We’ve all seen the studies and blog posts –almost all recruiters are using some sort of social media in their recruiting efforts. Each source and study is slightly different, but the number that Reppler has reported at 91 percent seems to be right around what everyone else is revealing in their studies. Social recruiting is a relatively new tool, and there isn’t exactly a playbook for users. You may be getting a lot right, but odds are there is room for improvement.
Here are six commonly overlooked opportunities and mistakes that we see recruiters making as they try to find their way in social recruiting:
1) You’re Not Quite Getting the Social Part
You’re posting at the optimal times of day, at the optimal rate for each platform. Your content is funny, relevant and informative, but you’re missing one vital part of social media –engagement. You have to treat social like a two-way dialogue opportunity. The same amount of effort you put into posting should be put into engaging, replying and reaching out to followers. Marketing coordinator at HNi, Erin Van Handel said:
“Without a person dedicated to social media, how can you be sure job seekers are treated as customers?” Van Handel says, “A dedicated social manager can keep interaction consistent and customer service flowing.”
2) Friends Don’t Let Friends Get Spammy
Neither will followers, connections, groups or even tweeps. Whenever you’re entering a different social platform, feel it out first and discover what the unwritten rules are. If you come in guns uh blazin’, not knowing the social norms of the community, you could come off sales-y, pushy or irrelevant. Founder of Come Recommended, Heather R. Huhman, said:
“Once you decide on some specific communities, it’s important to respect the way they do things. Chances are, you won’t be allowed to spam their group with job listings, so make sure you learn their rules before you engage.”
3) You’re Not Perky Enough
Want to know a few questions that all candidates want to know about, but won’t ask? Where are the perks, benefits, free lunches, work from home options and sponsored cocktail hours? Highlight these things! There’s no reason not to.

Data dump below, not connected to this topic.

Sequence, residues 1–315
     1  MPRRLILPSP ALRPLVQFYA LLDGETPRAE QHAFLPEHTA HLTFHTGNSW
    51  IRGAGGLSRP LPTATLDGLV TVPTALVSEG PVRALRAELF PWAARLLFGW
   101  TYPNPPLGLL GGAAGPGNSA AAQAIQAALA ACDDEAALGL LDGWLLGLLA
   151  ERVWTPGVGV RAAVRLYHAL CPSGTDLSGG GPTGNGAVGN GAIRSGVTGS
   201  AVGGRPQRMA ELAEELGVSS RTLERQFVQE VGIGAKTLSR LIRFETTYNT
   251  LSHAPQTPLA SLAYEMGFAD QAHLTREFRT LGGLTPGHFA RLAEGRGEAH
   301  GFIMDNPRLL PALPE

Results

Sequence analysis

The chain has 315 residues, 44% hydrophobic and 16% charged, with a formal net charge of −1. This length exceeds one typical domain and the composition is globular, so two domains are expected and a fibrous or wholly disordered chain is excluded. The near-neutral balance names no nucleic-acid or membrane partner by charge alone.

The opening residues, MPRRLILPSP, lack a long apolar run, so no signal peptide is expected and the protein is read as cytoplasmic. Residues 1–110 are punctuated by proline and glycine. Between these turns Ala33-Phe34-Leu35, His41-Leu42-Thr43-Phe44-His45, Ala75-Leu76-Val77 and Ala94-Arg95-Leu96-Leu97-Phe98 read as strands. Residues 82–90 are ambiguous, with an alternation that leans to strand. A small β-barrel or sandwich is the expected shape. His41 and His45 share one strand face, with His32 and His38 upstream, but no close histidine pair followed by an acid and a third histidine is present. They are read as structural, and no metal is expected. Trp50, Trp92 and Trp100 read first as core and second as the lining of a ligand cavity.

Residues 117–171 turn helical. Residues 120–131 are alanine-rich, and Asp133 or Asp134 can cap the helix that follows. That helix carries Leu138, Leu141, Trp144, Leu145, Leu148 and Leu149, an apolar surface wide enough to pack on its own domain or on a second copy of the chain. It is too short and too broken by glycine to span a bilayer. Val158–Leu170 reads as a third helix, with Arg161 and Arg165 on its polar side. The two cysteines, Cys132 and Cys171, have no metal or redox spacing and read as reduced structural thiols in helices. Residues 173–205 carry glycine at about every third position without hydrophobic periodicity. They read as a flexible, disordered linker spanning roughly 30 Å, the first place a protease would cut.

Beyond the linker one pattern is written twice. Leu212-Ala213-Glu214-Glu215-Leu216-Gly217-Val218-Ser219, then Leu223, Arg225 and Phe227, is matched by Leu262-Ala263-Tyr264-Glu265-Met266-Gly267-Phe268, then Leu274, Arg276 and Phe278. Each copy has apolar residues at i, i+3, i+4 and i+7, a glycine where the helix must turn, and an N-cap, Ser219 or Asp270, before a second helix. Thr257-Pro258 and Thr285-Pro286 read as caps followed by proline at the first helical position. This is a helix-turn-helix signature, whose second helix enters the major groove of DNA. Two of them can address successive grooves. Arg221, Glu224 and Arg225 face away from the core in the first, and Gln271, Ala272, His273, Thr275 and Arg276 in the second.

Consider this: Let’s assume that your competition does in fact offer more perks than you can. Let’s also assume (quite safely) that they don’t advertise or showcase those perks. In the candidate’s eyes, you’re the clear choice because they can see exactly what you have to offer. For all they know, the competition is offering zilch.
4) Where are Your CTAs?!
You spend a lot of time crafting creative listings, sourcing interesting content and beefing up the company career page –let’s get people to see all that hard work! Did you know that simple inclusion of words like “click”, “please retweet”, “comment” and “share” are proven to increase engagement? Dan Zarella of Hubspot conducted some research and found that posts that include a call-to-action got more of the specific action they mentioned.
5) Enough With the Judging
I get it; social media can be a great place to do some quick and easy screening. I’m not knocking it as a tool; I am, however, knocking taking social media screening too far. According to a Reppler study, 33 percent of recruiters have hired a person because their profile showed solid communication skills. What?! Does that mean they’re on Facebook a lot? How are they gauging this?
6) You Aren’t Using Tools
Firstly, I recommend that you use an applicant tracking system that automates the social sharing of job listings. This eliminates the redundancy of manually sharing. Secondly, research tools like Sprout Social or HootSuite . These social sharing tools will allow you to fill up queues of posts and schedule them to go out at different times across different networks. While you will still have engagement and interaction to worry about, posting for the week can be covered in 30 minutes.
To end, I want to remind recruiters to work smarter, not harder. There are countless resources, studies and best practice posts that you can gather helpful information from. You can find out the how, when, where and why of social media from other people’s research. Remember, start with a strategy, follow best practice guidelines and ultimately do what works for you and your audience. Happy social sharing!